The Nazi The Opera and The Red Cross

Job #2969

Job Posting Details

Job # 2969 The Nazi The Opera and The Red Cross

Posted Date
Feb 16, 2007 @ 17:42
Respond By
Sep 16, 2007
Word Count
0
Language
English
Gender
Female
Age Range
-
Category
Documentaries

Job Description

Market Size> Theatrical
Artistic> Caring voice.
Voice something close to Meryl Streep

Every summer, a remarkable reunion takes place in these lush mountains in the Czech Republic. A group of friends come together from all over the world. They have one thing in common. They all grew up in the shadow of death in a concentration camp outside of Prague. They grew up quickly.

Helga Kinsky and her friends couldn’t bring themselves to speak about the horror for a full forty years.

HELGA KINSKY: Because actually whatever you did, you didn't have the right to live. You were-- you were sentenced to death. And it is something you can't get over.

Their friendship began here in Therezinstadt, a transit camp. From here. . . a garrison town before the war. . Jews were sent off to the gas chambers of Auschwitz. Nearly 140,000 Jews from all over central Europe passed through here including many of Europe’s most prominent artists. . . . who left a record of what it was like. Much of the art has survived, some of it by children. They portrayed how cold and crowded they were, sleeping thirty to a room. Typhus epidemics swept through the camp. The dead were brought to catacombs before being incinerated. Bodies were carried on the same wagons used for bread. Jews weren’t gassed here but more than thirty thousand died of disease and hunger.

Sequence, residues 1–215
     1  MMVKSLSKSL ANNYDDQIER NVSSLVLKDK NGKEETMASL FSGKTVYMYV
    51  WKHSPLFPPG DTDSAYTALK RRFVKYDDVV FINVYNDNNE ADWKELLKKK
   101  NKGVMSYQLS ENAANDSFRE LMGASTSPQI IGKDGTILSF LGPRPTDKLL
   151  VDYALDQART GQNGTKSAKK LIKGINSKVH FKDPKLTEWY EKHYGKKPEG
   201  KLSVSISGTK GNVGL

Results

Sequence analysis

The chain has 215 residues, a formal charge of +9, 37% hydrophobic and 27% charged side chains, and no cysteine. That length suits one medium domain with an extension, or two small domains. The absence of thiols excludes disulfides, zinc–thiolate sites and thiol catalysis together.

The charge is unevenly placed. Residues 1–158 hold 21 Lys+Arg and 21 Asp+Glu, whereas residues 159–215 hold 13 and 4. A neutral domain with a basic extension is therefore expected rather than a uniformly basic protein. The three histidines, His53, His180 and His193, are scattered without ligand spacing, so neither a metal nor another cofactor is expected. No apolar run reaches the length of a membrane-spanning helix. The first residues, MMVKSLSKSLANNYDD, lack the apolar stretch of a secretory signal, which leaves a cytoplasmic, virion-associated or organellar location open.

Music flourished in the camp. It was like a Julliard for Jews. There were classes and concerts in cellars and attics. The hottest ticket in town was a children's opera called Brundibar. . which was written by a Czech Jew and smuggled into the camp. It was performed fifty five times by children in Therezinstadt

It’s a fairy tale of sorts, the story of a young brother and sister who with the help of a cat, a dog, a bird and the children of the village defeat an evil organ grinder named Brundibar. The opera ends with a victory song. . .

Back in the camp, the Nazis filmed this performance in 1944. The lead role, the part of Brundibar was played by a boy named Honza Treichlinger. He’s the kid with the mustache.

Ella: Everybody loved him. And everybody adored him.

Back then, Ella Weissberger played the cat.

ELLA WEISSBERGER: I wore my sisters ski pants and my mothers sweater. Bright sweater. //this was my costume.

Wearing a costume was a relief from what Ella and the other kids had to wear all the time in the camp.

ELLA WEISSBERGER: This was the only time that they said we don’t have to put on the Jewish star. A couple of minutes of freedom.

A couple of minutes of freedom for Ella the Cat.

EVA GROSS: All I can hear and see is Ella, never stopping to sing the-- the cat . So we all sang the cat in the end.

Eva Gross was nineteen at the time. She taught the children.

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